What if you’d hate a desk job?

What if you’d hate a desk job?

This time last year, I was in the mountains of Guatemala eating lunch with a man named Ovidio who spent 10 years working for WorldVision. It’s a prestigious international NGO that spends millions doing a variety of different projects all over the developing world.

Ovidio hasn’t been to university, but he could read and write and type, so his job was entering into the database all the data of the children who workdvision helps sponsor, through monthly donations from people in first world countries who agree to send around $25 to the hikes family to pay for school supplies and uniforms and new shoes.

It was a good job, especially considering he had neither an education nor English language skills. But still, he didn’t like it.

“At the end of the day, the muscles in my bum has practically atrophied from being sat on for eight straight hours,” he said, as we all laughed, sitting around his dining table eating tortilla con queso. “I’d go and play football at lunch for an hour, but that was about it. The rest of the time I hardly moved – just typing typing typing and staring at the screen.”

Eventually, he went back to being a farmer. Waking up at 4:45 in the morning, spending the early, cool hours of the day hacking away at maize and cauliflower plants in his fields alongside his sons and neighbours, callouses covering the blisters in his palms, feet sweating in the rubber boots worn by all the campesinos around who work the land.

Ovidio is energetic, speaks with his hands in a low voice, smiles often, has all of his teeth (a wonder in these parts). He has five children, large fingers, a wife who adores him. He’s very into his family, his community, but to my utter surprise, one day I saw him reading a magazine at lunch. People around here barely read, much less magazines meant for city folk, and the fact that Ovidio was doing so clearly shows that he’s interested in new ideas, in different and perhaps better ways of doing things.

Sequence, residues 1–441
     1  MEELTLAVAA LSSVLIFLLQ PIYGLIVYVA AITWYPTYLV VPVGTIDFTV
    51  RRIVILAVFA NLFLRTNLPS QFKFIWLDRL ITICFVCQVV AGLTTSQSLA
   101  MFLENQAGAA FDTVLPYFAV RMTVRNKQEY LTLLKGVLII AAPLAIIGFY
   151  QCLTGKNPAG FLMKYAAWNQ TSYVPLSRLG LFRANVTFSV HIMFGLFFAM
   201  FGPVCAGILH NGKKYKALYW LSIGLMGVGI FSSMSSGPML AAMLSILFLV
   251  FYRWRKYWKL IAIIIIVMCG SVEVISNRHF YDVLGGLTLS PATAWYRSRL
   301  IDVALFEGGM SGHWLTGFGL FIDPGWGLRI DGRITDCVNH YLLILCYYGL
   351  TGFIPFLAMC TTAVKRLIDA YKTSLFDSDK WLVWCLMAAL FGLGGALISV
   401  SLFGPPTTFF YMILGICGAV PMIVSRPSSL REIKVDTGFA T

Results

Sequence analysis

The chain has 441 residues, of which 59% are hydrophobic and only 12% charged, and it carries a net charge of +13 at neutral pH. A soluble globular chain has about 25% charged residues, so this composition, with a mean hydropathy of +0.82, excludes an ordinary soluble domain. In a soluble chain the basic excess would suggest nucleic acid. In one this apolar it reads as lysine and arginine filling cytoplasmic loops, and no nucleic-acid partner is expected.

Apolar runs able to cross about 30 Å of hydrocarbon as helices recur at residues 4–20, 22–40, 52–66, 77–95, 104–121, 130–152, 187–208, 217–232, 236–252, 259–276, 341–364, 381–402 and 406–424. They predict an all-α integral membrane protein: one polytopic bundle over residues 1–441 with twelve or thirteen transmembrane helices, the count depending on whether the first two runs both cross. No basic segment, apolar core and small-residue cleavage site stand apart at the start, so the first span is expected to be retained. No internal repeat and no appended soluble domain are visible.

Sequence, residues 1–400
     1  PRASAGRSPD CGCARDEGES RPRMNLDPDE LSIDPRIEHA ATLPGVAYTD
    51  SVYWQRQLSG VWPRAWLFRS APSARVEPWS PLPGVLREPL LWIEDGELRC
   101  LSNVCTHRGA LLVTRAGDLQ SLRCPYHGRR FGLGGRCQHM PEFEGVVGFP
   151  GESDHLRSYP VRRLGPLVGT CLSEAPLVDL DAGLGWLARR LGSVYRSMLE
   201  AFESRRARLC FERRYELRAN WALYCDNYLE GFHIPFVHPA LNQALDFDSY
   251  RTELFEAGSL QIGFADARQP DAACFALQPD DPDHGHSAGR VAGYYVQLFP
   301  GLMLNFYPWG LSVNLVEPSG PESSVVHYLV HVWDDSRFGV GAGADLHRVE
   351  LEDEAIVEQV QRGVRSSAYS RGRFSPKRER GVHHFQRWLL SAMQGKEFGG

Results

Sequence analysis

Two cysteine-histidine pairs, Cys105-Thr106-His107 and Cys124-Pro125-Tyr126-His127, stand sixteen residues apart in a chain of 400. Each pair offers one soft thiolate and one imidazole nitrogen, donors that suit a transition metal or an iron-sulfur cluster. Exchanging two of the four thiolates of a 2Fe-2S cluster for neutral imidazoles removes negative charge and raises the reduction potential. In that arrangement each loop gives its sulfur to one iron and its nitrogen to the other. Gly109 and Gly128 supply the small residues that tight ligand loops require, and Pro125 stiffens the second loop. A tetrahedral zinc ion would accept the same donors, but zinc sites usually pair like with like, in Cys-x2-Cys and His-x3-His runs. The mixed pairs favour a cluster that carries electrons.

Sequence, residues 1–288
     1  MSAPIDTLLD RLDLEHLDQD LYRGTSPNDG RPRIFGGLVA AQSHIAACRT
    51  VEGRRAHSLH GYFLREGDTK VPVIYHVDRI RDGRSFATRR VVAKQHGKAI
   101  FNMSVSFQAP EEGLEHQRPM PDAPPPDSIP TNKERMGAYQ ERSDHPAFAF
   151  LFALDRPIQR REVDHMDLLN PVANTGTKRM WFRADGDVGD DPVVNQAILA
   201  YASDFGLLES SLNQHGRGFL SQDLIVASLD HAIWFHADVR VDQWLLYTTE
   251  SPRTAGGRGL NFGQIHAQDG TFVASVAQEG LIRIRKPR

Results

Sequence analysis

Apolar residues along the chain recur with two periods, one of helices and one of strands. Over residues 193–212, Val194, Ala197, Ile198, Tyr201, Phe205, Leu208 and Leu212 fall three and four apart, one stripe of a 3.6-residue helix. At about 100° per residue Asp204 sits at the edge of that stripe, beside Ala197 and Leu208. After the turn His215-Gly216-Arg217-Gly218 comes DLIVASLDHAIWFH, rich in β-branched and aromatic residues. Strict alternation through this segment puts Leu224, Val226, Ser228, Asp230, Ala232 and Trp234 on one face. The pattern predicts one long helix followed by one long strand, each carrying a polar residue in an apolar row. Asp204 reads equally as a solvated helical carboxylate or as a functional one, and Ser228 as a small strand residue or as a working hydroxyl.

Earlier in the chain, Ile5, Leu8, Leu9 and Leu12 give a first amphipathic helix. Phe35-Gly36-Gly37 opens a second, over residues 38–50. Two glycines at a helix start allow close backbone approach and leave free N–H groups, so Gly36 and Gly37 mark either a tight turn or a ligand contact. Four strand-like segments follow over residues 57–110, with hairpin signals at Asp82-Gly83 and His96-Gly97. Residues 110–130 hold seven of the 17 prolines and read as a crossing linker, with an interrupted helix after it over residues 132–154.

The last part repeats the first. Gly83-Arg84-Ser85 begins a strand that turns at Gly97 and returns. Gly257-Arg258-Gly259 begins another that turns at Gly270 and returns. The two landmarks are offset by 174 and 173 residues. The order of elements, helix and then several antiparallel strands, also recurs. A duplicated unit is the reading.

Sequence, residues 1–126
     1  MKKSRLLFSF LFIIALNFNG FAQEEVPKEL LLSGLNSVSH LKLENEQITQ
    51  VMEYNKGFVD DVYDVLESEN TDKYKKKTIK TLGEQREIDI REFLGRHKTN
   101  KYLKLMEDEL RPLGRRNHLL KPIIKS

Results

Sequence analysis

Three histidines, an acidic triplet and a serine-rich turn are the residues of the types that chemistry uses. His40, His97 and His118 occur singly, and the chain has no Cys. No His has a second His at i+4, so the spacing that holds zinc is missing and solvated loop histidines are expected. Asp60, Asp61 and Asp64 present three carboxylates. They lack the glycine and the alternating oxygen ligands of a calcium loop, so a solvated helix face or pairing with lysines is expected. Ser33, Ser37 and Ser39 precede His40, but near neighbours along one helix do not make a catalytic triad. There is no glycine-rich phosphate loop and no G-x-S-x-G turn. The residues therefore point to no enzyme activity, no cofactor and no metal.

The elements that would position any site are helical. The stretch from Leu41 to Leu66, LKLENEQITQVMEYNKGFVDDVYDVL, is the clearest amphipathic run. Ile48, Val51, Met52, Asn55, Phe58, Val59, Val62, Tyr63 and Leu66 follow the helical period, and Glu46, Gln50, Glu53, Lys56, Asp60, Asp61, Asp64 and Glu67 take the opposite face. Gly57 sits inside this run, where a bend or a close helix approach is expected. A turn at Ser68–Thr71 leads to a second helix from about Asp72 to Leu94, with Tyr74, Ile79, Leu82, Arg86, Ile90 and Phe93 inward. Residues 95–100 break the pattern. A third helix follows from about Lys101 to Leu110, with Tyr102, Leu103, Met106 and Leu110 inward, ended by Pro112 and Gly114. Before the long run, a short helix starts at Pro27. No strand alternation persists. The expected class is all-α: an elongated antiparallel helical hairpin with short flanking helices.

Still, the computer job with WorldVision didn’t suit him, and he seems far happier working in the fields, beneath the sun, constantly moving even though his back may ache. 

His story reminds me of one of my students, a guy with a lovely voice, who called me last summer from the other side of the world when I had “office hours” on the phone: 

“I’m a mud-on-the-boots, field work type;” he told me. “My ideal job is anything field based, remote and involve travel and not being welded to an office desk.”

Even realising this much is huge; if Ovidio had known how much he’d hate sitting in a desk, he could have saved himself ten years of atrophying butt muscles ! 

Eventually, with the help of an American NGO who came to town to provide training, Ovidio helped start a community tourism asociación (the local word for NGO) that takes tourists up the mountain behind his house, and brings them back down in the morning. Unlike most of the other tour guide companies, they hire local villagers, many of whom may be illiterate, uneducated, or lacking the social skills to speak to foreigners, provide them with training and mountain climbing gear, and give them a job that pays more money than they would earn working in the fields.

Ovidio is good at it – and he’s the boss, vice-president of the association – whereas at WorldVision he was simply a low-level employee
within the vast organisational hierarchy. 

Ovidio is happy – you see that straight away, whether he’s discussing capitalism at the dining table or sitting in his courtyard flicking corn off its stalk – and his association has grown purely by word-of-mouth. 

There are two things to learn from his story:

1. Your dream job may, in fact, NOT be at a desk within a prestigious international organisation like WorldVision (or the United Nations), but with a small, grassroots NGO. 

2. It might be a lot more fun than a typical desk job, too. 

What do you see in Ovidio’s story? Do you think you, too, might like a more “active” job?

P.S. Here’s a photo of us after we went mountain climbing, with Ovidio and his family:

Ovidio + his familia

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